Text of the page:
Odds and Dead Ends : New Slains Castle / Dracula’s Scottish Home

You always find stuff that you didn’t know when preparing these articles, and this little nugget it happens is my find of the week. It’s been well reported that Stoker got part of his inspiration for Count Dracula from Vlad Dracula III (Vlad the Impaler), though retro-actively working the figure into his idea, rather than being originally inspired by him. I was also aware that one of Stoker’s colleagues, actor Henry Irving, who worked at the Stoker-owned Lyceum Theatre, was widely considered another inspiration for the character. However, I was not aware that one of the largest inspirations may have come from New Slains Castle, up in Aberdeenshire, in Scotland.

Admittedly, my Stoker knowledge is, depressingly, severely lacking. The extent of it goes to lots of Dracula and its various adaptations, my undying devotion to The Jewel of Seven Stars (which people who read my section here a lot will know I bang on about constantly, but damn you, it’s an incredibly bleak and unnerving novel), and Lair of the White Worm on my phone which I’ve sadly never gotten around to. So it surprised me to discover that this castle, which is mentioned in The Watters’ Mou and The Mystery of the Sea (more well-read readers can confirm this for me), may not only have inspired the castle in Seven Stars, but also Dracula’s castle, particularly a specific octagonal room mentioned in the novel. It turns out that Stoker frequently went on trips to the area on holiday, and so would not only have known the area very well, but most likely been very familiar with the castle, both its location and grounds, and its interiors.

A brief history lesson first. The old castle was built in the early 14th century by John Comyn, part of the Comyns family who held it for many years. In 1594, it was attacked by King James VI of Scotland (who was also James I of England, successor of Elizabeth I, final ruler of the Tudor family) as the then-owner, Francis Hay, 9th Earl of Erroll, was leading a rebellion against him. The old castle was mostly destroyed with gunpowder and cannon-fire, though remnants of it remain to this day. It remains a ‘scheduled monument’, a title given to architecturally important monuments in the UK and as such protected against change and modification.

The new Slains Castle (The one we’re interested in) was built by Hay upon his return from exile (the uprising hadn’t gone too well) a little ways up the coast. Originally a tower house and courtyard, it was expanded and changed over the years, with wings and towers built up as the centuries went past. In the mid 1800s, a complete redesign was ordered, turning what was there into a more contemporary, Baronial-style castle, giving it granite facing update. Large gardens were designed and laid out only a few years before Stoker visited for the first time. The whole thing was eventually unroofed not long after WWI, and has remained derelict ever since.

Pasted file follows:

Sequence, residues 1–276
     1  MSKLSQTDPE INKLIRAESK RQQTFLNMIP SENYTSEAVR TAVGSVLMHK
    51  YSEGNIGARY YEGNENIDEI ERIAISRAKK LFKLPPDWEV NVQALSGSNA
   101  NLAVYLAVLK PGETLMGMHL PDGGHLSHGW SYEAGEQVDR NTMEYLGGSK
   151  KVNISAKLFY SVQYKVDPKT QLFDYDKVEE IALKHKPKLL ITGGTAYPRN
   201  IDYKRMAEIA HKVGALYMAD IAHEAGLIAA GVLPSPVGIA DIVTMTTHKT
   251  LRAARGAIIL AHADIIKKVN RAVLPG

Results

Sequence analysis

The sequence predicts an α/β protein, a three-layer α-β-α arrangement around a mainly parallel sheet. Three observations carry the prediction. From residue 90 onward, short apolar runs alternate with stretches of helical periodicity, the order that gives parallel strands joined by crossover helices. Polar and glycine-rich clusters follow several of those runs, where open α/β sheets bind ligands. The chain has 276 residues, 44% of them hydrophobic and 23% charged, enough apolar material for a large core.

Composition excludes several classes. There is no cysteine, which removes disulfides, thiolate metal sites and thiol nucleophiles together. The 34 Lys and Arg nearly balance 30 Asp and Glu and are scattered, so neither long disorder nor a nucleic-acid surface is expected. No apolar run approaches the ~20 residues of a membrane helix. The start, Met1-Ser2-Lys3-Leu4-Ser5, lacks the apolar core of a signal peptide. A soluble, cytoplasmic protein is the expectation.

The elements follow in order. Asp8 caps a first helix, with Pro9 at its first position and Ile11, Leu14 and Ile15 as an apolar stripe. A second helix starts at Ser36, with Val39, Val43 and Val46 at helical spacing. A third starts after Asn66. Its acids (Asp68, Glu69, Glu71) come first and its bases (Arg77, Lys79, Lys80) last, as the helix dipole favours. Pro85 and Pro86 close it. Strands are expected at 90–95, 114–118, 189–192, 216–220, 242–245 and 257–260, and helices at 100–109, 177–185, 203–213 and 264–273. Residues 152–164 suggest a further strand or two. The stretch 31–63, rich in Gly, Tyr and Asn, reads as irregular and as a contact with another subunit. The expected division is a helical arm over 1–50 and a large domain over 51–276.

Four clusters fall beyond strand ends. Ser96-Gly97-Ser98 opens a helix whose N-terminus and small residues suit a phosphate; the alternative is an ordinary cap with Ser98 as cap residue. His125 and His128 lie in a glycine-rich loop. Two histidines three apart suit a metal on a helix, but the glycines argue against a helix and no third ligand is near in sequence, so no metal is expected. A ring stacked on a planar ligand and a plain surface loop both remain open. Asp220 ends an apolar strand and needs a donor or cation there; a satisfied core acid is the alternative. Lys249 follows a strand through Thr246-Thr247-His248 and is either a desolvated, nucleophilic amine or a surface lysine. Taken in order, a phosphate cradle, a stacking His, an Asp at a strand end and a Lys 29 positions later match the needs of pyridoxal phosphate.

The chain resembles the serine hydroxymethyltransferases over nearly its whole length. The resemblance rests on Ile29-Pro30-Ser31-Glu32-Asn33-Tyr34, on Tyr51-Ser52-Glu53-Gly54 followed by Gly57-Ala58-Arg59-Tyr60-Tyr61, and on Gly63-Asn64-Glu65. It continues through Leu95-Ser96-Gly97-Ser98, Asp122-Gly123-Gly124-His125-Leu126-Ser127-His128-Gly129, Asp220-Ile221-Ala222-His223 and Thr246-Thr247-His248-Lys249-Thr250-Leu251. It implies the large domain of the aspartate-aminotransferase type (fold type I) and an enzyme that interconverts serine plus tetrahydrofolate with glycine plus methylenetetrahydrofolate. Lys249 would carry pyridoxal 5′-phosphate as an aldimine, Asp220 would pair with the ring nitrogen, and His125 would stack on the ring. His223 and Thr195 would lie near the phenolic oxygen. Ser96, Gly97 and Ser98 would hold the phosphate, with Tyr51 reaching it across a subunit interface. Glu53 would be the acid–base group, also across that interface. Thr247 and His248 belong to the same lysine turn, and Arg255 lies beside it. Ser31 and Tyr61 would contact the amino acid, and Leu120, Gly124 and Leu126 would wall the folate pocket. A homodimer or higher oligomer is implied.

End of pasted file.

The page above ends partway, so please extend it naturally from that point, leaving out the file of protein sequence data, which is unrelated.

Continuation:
The history lesson over, this brings us back to Dracula, and the octagonal room in question. The novel has a small passage which reads as follows: ‘The Count halted, putting down my bags, closed the door, and crossing the room, opened another door, which led into a small octagonal room lit by a single lamp, and seemingly without a window of any sort.’ (my copy, p 21). It turns out that New Slains Castle has a similar room, specifically octagonal in design, and considering Stoker knew the castle well, the very unusual design seems to be a big red flag alerting us to the fact that New Slains is indeed where he got it from. Coupled with the fact that Stoker is rumoured to have been staying in, or near, the castle at the time he was beginning to plan, or even write, Dracula, it’s not too far a stretch to say that, even if parts of the castle weren’t intentionally lifted and transported to the rugged hills of Transylvania, there was more than likely a subconscious application.

Obviously, the location in the novel is nothing like the coastal views of the Scottish ruins, and there doesn’t seem to be any reports or rumours of ghouls, ghosts, or sunlight-fearing vampires lurking in Slains Castle. I would assume it’s now in the ownership of the National Trust, or some other organisation, so I’m not sure if you could just rock up and have a look around, but if you are ever in the area, might be a fun time to go and check out the real Castle Dracula.

-Article by Kieran Judge

-Twitter: @KJudgeMental

Postscript: People interested in following up on this topic might want to check out When Brave Men Shudder: The Scottish Origins of Dracula, by Mike Shepherd. I haven’t read it, but it’s got an introduction by Dacre Stoker, great-grand-nephew of Bram, and plenty of 5 star reviews on Amazon. Link: https://www.amazon.co.uk/When-Brave-Men-Shudder-Scottish/dp/1907954694

Odds and Dead Ends: Hyde and Seek

Why Stevenson’s classic still haunts us

It’s hard to think that Robert Louis Stevenson’s novella, Strange Case of Dr Jekyll and Mr Hyde, could be anything like a surprise today, with the story so deeply ingrained in the popular conscious, at least at a basic level. But when the story was unleashed in 1886, it changed the face not only of gothic fiction but everyday thought. It altered how we look at ourselves. Its names are used so frequently as short-hands that we don’t even realise we use them. Its story is so potent because, at some instinctual level, we’ve known it all along.